A February 26, 2015, letter from Steve Chabot (R-Ohio), chair of the U.S. House of Representatives Committee on Small Business, to Sylvia Burwell, secretary of the U.S. Department of Health and Human Services, highlights these concerns, with a focus on problems associated with incorrect SHOP tax forms that were recently sent out by HHS.

Policy Points: How Tax Inversions Hurt Smaller Businesses

Everyone’s “favorite” day of the year is less than 24 hours away – Tax Day. And the big question is: Have you filed your return yet? (If you haven’t, stop reading this and go take care of that. This will still be here when you’re done.)

By now, most people have (hopefully, anyway) sent in their returns. Some have probably gotten a pretty decent refund; others might be a little disappointed at their bill.

One thing you can always count on come April 15 is some griping about how much Americans pay in taxes. Nobody likes paying them, after all. But as Oliver Wendell Holmes once wrote, “Taxes are the price we pay for a civilized society.” Everything people rely on the government for, from public safety to infrastructure, health care and education, is paid for with your tax dollars.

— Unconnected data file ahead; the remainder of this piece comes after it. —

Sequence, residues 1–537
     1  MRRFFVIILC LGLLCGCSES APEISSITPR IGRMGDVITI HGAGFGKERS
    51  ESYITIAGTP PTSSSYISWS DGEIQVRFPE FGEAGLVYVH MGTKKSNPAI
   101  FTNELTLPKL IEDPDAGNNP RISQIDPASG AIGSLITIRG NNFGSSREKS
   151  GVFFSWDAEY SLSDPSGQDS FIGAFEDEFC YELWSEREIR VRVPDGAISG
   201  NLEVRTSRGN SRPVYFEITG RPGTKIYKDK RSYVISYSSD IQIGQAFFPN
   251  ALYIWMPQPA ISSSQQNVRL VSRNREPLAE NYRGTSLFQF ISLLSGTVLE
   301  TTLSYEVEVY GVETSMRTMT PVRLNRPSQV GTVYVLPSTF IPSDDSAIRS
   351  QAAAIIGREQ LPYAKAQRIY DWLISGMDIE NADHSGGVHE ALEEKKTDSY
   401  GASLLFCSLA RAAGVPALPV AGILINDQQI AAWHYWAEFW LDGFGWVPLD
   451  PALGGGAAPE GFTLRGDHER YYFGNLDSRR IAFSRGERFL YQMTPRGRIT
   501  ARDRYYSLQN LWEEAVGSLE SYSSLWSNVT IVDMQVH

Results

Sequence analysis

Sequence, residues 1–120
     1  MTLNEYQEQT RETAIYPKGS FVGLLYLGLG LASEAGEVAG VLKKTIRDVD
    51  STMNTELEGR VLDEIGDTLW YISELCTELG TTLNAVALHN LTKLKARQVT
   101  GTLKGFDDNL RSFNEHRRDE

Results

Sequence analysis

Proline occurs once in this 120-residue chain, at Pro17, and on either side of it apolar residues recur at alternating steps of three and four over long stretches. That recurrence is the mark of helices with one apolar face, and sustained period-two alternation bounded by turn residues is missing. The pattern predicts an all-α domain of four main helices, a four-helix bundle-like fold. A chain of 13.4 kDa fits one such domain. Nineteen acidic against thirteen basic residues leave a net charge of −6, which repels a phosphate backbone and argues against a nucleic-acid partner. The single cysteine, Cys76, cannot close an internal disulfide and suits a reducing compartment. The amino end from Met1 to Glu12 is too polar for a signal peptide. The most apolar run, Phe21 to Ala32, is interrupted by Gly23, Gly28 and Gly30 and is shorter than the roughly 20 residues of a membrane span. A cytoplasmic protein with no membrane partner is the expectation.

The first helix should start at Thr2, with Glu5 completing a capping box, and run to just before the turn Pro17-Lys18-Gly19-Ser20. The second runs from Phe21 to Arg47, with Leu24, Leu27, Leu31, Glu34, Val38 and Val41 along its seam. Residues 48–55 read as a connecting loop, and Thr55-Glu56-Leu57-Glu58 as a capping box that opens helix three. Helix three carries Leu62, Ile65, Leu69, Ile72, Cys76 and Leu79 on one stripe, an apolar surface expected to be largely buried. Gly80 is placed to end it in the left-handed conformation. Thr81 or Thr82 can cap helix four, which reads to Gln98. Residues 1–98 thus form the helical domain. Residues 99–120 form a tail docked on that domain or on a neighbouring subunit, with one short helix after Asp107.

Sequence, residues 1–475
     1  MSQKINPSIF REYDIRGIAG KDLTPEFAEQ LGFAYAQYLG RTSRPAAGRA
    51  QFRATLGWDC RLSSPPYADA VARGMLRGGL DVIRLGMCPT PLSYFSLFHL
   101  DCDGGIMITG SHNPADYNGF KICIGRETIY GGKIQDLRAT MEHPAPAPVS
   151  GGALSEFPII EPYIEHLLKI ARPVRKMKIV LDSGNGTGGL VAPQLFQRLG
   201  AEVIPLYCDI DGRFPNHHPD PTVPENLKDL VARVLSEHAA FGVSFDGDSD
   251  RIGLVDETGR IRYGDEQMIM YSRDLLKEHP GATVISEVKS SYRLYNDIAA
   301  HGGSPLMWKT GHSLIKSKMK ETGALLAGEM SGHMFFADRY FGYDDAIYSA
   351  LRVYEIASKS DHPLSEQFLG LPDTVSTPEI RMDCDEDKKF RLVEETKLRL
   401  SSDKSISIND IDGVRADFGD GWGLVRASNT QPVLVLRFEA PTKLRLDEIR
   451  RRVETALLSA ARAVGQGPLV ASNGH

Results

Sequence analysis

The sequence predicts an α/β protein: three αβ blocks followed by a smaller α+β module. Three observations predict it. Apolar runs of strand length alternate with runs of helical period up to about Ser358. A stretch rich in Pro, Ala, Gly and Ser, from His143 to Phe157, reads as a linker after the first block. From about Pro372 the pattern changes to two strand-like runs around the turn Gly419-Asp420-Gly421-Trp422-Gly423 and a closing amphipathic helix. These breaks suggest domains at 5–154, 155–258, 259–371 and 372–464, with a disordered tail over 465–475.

It’s easy for this to get lost in the mix – especially when you find out you owe more than you thought you would – but paying taxes is one of the most important things Americans do for their country. Name a program that matters to you, and your tax dollars — and those paid by businesses — help make it possible. What makes it work is that everyone recognizes the burden is not only on them: Everyone has taxes to pay, and everyone has to chip in for the services we all rely on.

Small Business News